There’s a reason why enthusiasts choose aftermarket air intakes as one of the first performance modifications. Not only are most intake systems fairly straightforward to understand and easy to install, they typically yield substantial power gains as well. With that said, don’t let air intakes’ apparent simplicity fool you. Aftermarket intakes require extensive knowledge and engineering to design and build.
By Sami Sharaf
Stock OEM Parts
Traditionally, original equipment manufacturers (OEM) address three essential categories in the design of a vehicle’s air intake system. First, a factory intake system must lend itself to extended service intervals. As such, filters need to deliver good filtration and they need to do so for a long time before needing replacement. Second, the OEMs keep a watchful eye (and ear) on the noise levels emitted from the intake system. If an intake makes more power but generates increased noise, it will not be approved for production. Lastly, factory intake systems need to be constructed under very cost-effective methods with inexpensive materials. This means that an intake design costing the least amount of money is more likely to go into production than a better performing system that costs more. While performance enthusiasts couldn’t care less about these criteria, it’s what most cars come equipped with from the factory.
Performance conical air filters are available with either dry or oiled filter media, both can deliver exceptional filtration of fine particles.
In the early days of air intake design and production, a high-power yielding intake system was relatively easy to design for two reasons. First, many of the popular vehicles used speed-density based fuel injection systems. These vehicles didn’t rely on picky mass air flow (MAF) metering that demanded specific flow profiles for the ECU to know how much fuel to deliver. With these types of vehicles, an engineer would simply need to provide peak flow by minimizing or eliminating restrictions in the inlet tract. On mass air flow metering setups, the dedicated MAF sensor housing would often need to be reused with the aftermarket filter and tubing. The other reason that intakes were easy to design in the past has to do with the focus of the OEM engineers. OEMs didn’t spend much time engineering factory air intakes to produce peak power. But today’s lean vehicles run more efficiently and that means performance needs to be extracted wherever possible. Simply put, OEMs left more power for the aftermarket to tap into back in the day.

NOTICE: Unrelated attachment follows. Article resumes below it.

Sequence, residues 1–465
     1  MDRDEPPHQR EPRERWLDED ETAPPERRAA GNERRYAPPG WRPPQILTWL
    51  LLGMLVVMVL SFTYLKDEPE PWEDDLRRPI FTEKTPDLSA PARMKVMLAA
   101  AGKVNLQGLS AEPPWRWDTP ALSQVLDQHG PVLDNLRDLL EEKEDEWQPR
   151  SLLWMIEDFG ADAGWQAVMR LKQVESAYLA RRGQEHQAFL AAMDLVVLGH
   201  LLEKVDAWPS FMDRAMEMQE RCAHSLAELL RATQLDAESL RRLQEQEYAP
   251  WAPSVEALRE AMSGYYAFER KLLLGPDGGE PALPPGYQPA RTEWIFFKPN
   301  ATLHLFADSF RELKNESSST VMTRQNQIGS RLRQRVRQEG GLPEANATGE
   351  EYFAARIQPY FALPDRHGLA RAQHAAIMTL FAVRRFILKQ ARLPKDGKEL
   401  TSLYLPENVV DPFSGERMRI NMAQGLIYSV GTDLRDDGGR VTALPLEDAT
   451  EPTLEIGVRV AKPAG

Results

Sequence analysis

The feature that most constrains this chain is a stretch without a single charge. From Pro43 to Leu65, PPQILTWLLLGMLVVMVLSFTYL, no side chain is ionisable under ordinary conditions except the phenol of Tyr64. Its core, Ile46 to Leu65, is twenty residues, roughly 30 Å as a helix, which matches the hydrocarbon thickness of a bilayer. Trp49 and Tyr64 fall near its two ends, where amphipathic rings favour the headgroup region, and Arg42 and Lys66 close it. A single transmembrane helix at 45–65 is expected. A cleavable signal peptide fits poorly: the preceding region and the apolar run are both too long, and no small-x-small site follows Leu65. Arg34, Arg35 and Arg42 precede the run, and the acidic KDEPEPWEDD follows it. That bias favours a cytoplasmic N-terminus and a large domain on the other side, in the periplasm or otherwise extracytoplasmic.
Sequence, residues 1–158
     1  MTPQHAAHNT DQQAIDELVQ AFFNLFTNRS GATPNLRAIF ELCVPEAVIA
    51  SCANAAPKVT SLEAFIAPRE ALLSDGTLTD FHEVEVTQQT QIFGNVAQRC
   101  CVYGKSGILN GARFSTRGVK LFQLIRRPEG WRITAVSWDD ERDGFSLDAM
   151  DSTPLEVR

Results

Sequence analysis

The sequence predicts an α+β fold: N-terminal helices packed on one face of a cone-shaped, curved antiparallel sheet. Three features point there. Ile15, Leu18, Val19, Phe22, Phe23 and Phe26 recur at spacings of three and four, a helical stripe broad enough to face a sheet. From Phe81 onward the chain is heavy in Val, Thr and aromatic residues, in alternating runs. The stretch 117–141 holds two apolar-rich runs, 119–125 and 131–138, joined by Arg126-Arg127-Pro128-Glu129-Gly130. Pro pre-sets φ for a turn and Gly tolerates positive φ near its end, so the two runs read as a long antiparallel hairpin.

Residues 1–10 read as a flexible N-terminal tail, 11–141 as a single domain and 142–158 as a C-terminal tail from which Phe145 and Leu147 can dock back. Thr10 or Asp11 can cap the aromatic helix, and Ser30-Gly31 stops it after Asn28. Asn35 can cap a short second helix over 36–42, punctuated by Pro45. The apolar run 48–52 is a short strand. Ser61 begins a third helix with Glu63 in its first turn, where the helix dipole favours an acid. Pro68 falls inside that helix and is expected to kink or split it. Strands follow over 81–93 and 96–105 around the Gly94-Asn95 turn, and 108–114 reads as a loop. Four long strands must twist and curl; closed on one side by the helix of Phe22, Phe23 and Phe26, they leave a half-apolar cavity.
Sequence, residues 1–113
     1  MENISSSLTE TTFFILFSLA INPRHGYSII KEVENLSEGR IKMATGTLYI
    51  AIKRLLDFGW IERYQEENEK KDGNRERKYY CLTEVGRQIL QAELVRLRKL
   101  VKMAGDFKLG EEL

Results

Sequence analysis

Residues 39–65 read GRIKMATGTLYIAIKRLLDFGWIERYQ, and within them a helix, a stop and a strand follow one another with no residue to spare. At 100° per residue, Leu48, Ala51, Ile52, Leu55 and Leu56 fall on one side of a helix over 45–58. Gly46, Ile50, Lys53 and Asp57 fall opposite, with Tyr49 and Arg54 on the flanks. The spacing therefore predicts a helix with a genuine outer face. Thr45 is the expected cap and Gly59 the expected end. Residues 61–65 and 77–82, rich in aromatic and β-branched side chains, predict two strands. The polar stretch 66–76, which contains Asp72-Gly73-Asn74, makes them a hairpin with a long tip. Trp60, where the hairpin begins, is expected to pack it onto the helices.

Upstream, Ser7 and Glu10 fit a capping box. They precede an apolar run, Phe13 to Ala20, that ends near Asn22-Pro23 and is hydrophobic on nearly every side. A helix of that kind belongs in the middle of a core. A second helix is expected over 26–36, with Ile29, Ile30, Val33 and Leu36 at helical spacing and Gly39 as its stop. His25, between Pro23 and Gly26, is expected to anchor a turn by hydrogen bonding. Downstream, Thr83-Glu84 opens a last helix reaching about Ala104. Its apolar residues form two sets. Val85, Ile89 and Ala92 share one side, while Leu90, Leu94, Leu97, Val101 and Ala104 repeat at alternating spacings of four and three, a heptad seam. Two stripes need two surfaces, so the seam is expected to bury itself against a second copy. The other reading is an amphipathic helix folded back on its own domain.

With OEMs carving out as much power as possible (within their strict guidelines) and more vehicles utilizing mass air flow metering, building air intake systems with appreciable performance gains are becoming increasingly challenging and involved. A critical component of modern intake design lies in the mass-air signal to the ECU. When an intake system tweaks the signal or positions the sensor in such a way that the ECU receives a lower reading than factory, the ECU will deliver less fuel and subsequently advance the ignition timing. Readings higher than the factory signal will cause the opposite to occur. Both scenarios may increase performance but more often than not, going too far in one direction will result in decreased performance, less than optimal air-fuel ratios, compromised fuel economy and the possibility of engine-damaging detonation.